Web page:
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Sometimes, we face unavoidable decisions without the hard data to prove one choice superior to another. In such cases, since we cannot decide on purely intellectual grounds, we must choose on another basis — if only on hunches, feelings and hope for the best. It’s not ideal, perhaps. But that’s life.

American philosopher Stephen Davis offers a striking illustration in his 1997 book “God, Reason and Theistic Proofs”:

Imagine, he writes, that, “while entering a steep downgrade, a truck driver suddenly discovers that her brakes have failed. The truck is starting to pick up speed and the driver sees that soon she will be in danger. The driver is faced with a choice: She can either immediately jump from the truck, risking bruises and broken bones while escaping the greater danger of a possible crash farther down the hill. Or she can remain in the truck, risking a crash but hoping eventually to guide it down the hill to a level spot. But the driver does not know how long the downgrade is; she cannot see where it ends and this stretch of road is new to her.”

The evidence is ambiguous, her life is at stake and no third option exists.

Of course, Davis isn’t really writing about truck drivers and failed brakes. His discussion draws upon the thinking of the great Harvard psychologist and philosopher William James (d. 1910), and both are actually discussing how to live our lives, a question that — since our lives must be lived — we cannot avoid. How should a religious skeptic answer it, pending personal revelation?

“Religion,” James writes in his classic 1896 essay “The Will to Believe,” “offers itself as a momentous option. We are supposed to gain, even now, by our belief, and to lose by our non-belief, a certain vital good. Secondly, religion is a forced option, so far as that good goes. We cannot escape the issue by remaining sceptical and waiting for more light, because, although we do avoid error in that way if religion be untrue, we lose the good, if it be true, just as certainly as if we positively chose to disbelieve.”

“Scepticism,” writes James, “is not avoidance of option; it is option of a certain particular kind of risk. Better risk loss of truth than chance of error — that is your faith-vetoer’s exact position. He is actively playing his stake as much as the believer is; he is backing the field against the religious hypothesis, just as the believer is backing the religious hypothesis against the field. To preach scepticism to us as a duty until ‘sufficient evidence’ for religion is found, is tantamount therefore to telling us, when in presence of the religious hypothesis, that to yield to our fear of its being error is wiser and better than to yield to our hope that it may be true. It is not intellect against all passions, then; it is only intellect with one passion laying down its law.”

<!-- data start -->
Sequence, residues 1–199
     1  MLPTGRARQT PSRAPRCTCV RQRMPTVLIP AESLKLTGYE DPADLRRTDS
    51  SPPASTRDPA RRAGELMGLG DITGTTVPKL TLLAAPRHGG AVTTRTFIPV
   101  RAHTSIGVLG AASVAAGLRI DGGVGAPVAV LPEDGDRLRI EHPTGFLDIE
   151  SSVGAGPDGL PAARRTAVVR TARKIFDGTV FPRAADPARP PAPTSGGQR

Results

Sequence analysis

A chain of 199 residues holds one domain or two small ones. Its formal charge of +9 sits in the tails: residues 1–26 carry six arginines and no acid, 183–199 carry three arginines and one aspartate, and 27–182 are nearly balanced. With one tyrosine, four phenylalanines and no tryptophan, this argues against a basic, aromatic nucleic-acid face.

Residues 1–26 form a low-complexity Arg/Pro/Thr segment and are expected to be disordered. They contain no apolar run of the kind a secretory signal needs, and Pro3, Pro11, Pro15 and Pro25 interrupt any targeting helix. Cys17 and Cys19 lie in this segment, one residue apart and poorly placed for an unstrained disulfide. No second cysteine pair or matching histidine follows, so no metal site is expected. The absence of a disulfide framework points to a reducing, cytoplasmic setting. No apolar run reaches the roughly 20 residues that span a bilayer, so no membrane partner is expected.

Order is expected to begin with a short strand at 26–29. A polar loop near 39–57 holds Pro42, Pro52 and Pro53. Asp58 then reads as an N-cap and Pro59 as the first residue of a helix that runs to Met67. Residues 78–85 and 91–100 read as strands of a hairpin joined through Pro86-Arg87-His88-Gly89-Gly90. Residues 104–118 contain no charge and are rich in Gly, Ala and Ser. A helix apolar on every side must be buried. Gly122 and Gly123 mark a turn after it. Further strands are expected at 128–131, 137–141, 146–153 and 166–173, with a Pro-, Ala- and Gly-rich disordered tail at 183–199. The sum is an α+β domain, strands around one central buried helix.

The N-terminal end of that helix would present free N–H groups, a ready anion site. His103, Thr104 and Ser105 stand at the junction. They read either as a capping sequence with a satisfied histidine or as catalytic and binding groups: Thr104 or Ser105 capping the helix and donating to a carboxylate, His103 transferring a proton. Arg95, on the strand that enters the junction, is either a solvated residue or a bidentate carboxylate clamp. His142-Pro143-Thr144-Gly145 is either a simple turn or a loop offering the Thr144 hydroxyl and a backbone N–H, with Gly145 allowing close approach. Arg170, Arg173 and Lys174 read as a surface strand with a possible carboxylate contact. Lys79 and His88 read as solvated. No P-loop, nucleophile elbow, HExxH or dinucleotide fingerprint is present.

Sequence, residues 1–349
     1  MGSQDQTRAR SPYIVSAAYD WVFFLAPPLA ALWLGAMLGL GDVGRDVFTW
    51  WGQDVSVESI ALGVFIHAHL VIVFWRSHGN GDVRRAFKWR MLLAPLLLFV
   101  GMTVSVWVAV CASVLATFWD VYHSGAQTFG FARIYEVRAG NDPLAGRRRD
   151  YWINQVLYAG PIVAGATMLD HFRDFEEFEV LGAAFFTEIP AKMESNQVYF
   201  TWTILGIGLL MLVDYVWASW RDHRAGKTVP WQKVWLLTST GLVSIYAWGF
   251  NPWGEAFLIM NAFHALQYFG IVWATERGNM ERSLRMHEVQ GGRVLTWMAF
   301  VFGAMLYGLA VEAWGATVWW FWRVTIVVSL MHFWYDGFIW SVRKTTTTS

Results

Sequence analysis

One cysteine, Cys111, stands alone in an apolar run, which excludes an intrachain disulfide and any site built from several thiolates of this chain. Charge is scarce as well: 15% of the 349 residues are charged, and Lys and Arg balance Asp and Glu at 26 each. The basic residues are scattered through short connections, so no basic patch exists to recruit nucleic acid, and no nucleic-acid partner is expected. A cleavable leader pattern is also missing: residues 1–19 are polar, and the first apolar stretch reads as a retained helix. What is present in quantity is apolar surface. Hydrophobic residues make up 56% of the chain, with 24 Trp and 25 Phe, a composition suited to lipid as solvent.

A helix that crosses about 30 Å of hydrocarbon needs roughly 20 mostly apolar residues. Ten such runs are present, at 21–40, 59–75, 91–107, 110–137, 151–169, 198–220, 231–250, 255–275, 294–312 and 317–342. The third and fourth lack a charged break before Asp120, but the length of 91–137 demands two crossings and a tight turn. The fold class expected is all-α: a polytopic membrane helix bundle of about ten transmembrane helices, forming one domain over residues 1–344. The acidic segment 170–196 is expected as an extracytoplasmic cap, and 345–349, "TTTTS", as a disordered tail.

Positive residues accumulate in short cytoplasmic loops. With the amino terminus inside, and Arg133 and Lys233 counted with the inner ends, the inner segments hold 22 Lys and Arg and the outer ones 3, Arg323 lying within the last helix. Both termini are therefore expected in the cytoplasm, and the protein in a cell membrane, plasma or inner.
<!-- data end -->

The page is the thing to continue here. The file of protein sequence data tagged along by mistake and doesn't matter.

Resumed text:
But, he asks, “What proof is there that dupery through hope is so much worse than dupery through fear? I, for one, can see no proof.”

“In all important transactions of life we have to take a leap in the dark. … If we decide to leave the riddles unanswered, that is a choice; if we waver in our answer, that, too, is a choice: but whatever choice we make, we make it at our peril. If a man chooses to turn his back altogether on God and the future, no one can prevent him; no one can show beyond reasonable doubt that he is mistaken. If a man thinks otherwise and acts as he thinks, I do not see that any one can prove that he is mistaken.

“Each must act as he thinks best; and if he is wrong, so much the worse for him. We stand on a mountain pass in the midst of whirling snow and blinding mist, through which we get glimpses now and then of paths which may be deceptive. If we stand still, we shall be frozen to death. If we take the wrong road, we shall be dashed to pieces. We do not certainly know whether there is any right one. What must we do? ‘Be strong and of a good courage.’ Act for the best, hope for the best and take what comes. … If death ends all, we cannot meet death better.”



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